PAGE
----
McQ, at QandO:
Now comes Iowa. Flooded across a much larger area, and just as devastating to those flooded out, not a bit of whining, crying, blame or finger-pointing seems to be going on.

As subtitled a featured article about the flood, "no looting, no shooting, no one blaming Bush". Huh.


How refreshing. People actually doing for themselves and not waiting on someone else to do it for them. I'm sure the foreign press is disappointed it's unable to document the floods as the latest chapter in America's decline.

Now I've seen the complaints that these floods aren't comparable to Katrina and that the devastation in the wake of Katrina was far greater than Iowa will probably suffer. Well that's easy to say sitting high and dry in your home a few hundred or thousand miles away - but for those Iowans who have lost everything, I'd bet they'd disagree.

And I'd also point out that where Katrina actually made landfall - Mississippi - and literally scrubbed towns off the face of the earth, the recovery was much swifter (and the drama considerably less) than in New Orleans.

Nope, I think it comes down to culture. And no I'm not using "culture" as a code word for "race". It has to do with a culture of dependency, which, frankly, doesn't care what color you are. The culture in Iowa (just like Mississippi during Katrina) doesn't lend itself to the pitiful pictures and stories that came out of New Orleans.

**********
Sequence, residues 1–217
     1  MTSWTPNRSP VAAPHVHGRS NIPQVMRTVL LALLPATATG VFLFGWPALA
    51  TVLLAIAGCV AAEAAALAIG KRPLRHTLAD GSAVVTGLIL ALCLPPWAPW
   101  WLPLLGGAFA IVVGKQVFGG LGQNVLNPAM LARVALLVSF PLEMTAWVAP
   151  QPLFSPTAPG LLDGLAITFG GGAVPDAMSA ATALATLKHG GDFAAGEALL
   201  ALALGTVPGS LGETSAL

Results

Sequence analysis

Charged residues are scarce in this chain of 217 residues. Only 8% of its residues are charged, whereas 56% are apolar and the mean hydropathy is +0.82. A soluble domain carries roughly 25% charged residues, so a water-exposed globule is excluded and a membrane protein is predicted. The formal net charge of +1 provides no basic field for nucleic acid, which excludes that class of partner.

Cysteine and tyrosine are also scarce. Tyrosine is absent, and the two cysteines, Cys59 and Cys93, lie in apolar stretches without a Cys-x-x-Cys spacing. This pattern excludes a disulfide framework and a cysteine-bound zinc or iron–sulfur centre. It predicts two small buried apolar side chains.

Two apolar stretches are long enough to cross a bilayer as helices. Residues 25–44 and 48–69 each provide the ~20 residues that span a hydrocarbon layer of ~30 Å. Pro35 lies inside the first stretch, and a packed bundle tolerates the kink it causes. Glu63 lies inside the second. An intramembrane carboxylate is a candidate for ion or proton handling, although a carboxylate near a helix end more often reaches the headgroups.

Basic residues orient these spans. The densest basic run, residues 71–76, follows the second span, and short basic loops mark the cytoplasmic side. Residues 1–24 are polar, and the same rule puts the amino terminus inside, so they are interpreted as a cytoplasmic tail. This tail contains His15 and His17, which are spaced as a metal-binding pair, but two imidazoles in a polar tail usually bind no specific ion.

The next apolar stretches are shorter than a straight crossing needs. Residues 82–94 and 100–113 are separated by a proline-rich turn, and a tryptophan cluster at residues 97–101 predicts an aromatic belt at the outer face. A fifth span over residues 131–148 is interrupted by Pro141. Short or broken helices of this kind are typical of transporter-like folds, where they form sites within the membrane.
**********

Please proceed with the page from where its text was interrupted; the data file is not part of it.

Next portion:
Chappelle Signal


Kathy G, in light of various recent things (including the "Can we still call it the White House?" pin), calls out for Dave Chappelle to return to TV:
Your country needs you, Dave. Your return to television would be the highest form of patriotism. Come back, before the entire goddamn country loses its shit.

Agrees With Them

I've finally realized what "maverick" really means. It means someone who takes both sides of every issue but everyone thinks he really means it.
I noted a similar quote from Atrios in February:
Increasingly I've come to realize that John McCain is very good at convincing people that he agrees with them.


In fact, I've never heard anyone in the telecom amnesty debate ever deny that the telecoms broke the law. How could anyone deny that? Our long-standing federal laws could not be clearer, since their core purpose was to prohibit telecoms from allowing the Government access to their customers' communications without warrants. That telecoms "broke the law" -- continuously, knowingly and deliberately -- is hardly in dispute. That's precisely what makes amnesty so corrupt.

For Comcast to claim that this fact is "defamatory" -- all in order to block ads aimed at one of their donated-to Congressman who, in turn, is working feverishly to obtain amnesty for Comcast -- is indefensible though unsurprising. Comcast is, after all, one of the telecoms that purposely broke our surveillance laws for years in order to allow illegal government spying on their customers. For that reason, it would be foolish to expect any better behavior from them.